The upper portion of the Indus is fed by snow and glacial melt waters and converges in the Punjab region of Pakistan with the five other rivers in the system. Of all the rivers flowing into Pakistan, the Indus is the most essential because of its importance to the agricultural sector. Pakistan's agriculture relies on the world's largest contiguous irrigation system fed by the Indus waters; in fact, water withdrawals for agricultural irrigation represent almost 97 percent of all withdrawals in Pakistan. This irrigation network covers an estimated 83 percent of cultivated land in the country and contributes to nearly a quarter of its gross domestic product. Unfortunately, Pakistan has almost fully exploited the surface and groundwater that is crucial for its irrigation, so improvements in management and efficiency are vital.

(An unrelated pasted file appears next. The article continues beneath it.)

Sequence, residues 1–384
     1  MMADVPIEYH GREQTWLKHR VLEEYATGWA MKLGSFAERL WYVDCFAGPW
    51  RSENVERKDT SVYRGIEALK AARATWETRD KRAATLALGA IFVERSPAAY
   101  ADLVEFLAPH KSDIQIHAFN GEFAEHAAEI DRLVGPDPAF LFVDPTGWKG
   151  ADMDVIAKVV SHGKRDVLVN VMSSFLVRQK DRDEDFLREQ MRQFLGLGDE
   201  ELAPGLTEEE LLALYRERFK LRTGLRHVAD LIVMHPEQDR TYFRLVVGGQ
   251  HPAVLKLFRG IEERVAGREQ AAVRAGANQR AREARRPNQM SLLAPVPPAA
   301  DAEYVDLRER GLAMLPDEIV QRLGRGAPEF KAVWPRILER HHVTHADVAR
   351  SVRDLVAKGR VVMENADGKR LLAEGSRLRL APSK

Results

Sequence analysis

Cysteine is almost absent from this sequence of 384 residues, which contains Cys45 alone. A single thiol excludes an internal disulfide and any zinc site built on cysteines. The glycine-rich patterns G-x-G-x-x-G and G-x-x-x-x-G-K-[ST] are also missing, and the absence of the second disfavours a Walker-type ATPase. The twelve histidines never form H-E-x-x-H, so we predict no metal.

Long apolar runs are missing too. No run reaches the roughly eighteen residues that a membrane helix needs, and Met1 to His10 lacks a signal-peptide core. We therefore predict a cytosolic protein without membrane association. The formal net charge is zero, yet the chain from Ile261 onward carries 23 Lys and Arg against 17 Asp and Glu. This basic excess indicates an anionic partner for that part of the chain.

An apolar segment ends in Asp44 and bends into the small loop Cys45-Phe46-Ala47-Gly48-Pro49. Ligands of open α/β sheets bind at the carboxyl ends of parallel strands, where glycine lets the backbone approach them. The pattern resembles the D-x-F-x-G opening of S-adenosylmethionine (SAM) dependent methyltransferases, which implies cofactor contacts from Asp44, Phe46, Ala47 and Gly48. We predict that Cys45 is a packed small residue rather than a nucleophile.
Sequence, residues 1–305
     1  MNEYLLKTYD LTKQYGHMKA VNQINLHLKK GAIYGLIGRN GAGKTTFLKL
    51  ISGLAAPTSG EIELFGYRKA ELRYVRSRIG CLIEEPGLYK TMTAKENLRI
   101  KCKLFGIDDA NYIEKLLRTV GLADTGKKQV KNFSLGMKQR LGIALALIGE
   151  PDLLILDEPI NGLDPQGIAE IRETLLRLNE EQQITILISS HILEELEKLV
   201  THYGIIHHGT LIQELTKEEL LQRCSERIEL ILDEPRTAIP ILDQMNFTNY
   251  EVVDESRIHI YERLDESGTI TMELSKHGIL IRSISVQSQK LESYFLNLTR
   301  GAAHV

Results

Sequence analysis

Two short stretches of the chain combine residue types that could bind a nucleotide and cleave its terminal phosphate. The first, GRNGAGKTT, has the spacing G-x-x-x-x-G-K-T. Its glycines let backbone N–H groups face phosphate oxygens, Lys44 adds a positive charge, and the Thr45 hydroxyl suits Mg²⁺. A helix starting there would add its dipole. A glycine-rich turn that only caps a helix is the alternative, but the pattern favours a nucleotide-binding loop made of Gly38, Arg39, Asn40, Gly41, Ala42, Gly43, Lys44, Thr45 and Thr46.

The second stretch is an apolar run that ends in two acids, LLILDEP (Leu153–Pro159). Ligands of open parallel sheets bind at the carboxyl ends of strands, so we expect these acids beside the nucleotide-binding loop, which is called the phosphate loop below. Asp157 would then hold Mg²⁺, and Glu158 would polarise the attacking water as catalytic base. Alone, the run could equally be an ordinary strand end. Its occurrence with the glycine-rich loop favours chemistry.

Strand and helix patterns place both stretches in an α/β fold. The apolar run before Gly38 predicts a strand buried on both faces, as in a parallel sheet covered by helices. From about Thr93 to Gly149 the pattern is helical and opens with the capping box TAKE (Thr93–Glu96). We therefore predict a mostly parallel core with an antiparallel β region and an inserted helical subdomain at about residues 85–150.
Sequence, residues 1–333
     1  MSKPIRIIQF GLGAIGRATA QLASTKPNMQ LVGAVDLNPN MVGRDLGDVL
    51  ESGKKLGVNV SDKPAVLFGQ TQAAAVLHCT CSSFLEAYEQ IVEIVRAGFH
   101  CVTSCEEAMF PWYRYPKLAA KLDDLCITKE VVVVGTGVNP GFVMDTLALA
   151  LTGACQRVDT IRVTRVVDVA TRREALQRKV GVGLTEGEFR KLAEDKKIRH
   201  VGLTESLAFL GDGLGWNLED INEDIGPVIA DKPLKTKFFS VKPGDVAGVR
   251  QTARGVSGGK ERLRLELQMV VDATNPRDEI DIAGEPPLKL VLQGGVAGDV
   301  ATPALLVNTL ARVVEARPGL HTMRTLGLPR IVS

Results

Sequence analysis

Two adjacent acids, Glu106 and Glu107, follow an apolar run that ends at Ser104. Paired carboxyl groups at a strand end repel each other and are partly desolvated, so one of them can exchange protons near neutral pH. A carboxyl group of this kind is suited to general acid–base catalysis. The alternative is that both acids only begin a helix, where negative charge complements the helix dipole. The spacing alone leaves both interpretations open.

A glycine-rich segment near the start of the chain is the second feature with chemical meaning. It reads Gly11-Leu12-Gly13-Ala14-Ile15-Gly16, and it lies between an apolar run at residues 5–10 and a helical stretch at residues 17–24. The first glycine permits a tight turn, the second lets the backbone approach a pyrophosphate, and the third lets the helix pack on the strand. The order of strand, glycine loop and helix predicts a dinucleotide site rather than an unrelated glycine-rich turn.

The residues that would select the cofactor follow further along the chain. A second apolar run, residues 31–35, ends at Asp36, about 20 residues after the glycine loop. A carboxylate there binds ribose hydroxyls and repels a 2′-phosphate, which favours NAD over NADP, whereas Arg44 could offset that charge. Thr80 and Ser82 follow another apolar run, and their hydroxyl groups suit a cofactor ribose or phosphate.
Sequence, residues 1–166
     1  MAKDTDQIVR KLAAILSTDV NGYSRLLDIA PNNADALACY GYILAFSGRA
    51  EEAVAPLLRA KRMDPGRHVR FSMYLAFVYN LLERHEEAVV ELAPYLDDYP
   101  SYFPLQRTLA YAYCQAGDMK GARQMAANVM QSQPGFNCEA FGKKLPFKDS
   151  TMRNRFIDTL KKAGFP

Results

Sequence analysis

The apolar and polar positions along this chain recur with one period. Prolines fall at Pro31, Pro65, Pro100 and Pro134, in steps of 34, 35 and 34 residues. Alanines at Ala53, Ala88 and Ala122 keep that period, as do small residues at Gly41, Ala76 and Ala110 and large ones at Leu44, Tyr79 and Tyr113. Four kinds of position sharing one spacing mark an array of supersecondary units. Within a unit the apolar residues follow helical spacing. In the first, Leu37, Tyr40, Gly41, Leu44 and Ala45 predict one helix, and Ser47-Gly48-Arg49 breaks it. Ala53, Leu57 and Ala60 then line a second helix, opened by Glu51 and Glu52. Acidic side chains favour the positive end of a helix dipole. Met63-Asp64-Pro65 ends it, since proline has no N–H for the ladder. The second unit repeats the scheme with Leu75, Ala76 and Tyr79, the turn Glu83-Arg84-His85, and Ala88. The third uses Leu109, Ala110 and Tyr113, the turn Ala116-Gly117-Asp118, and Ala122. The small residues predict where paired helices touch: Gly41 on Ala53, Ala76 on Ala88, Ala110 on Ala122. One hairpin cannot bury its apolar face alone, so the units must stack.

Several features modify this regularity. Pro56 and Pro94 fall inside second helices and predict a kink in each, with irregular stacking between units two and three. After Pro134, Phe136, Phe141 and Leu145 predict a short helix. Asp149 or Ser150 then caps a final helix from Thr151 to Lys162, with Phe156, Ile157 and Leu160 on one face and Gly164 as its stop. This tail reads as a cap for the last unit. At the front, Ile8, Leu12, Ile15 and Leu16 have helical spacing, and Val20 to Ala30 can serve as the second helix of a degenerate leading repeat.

Although the headwaters for the Indus originate in China, from a long-term planning perspective, it is India's water management of the Indus that merits scrutiny. With a population already exceeding 1.30 billion people and forecasts indicating continued growth to over 1.50 billion by 2035, India's demand for water is rising at unprecedented rates. However, water management in India is extremely decentralized and virtually unregulated. Multiple government ministries have established water-use guidelines at the national level, but, they have little effect. Water management is constitutionally delegated to India's constituent states, which have limited capacity to coordinate among themselves. This has led rapidly to diminishing available surface and groundwater.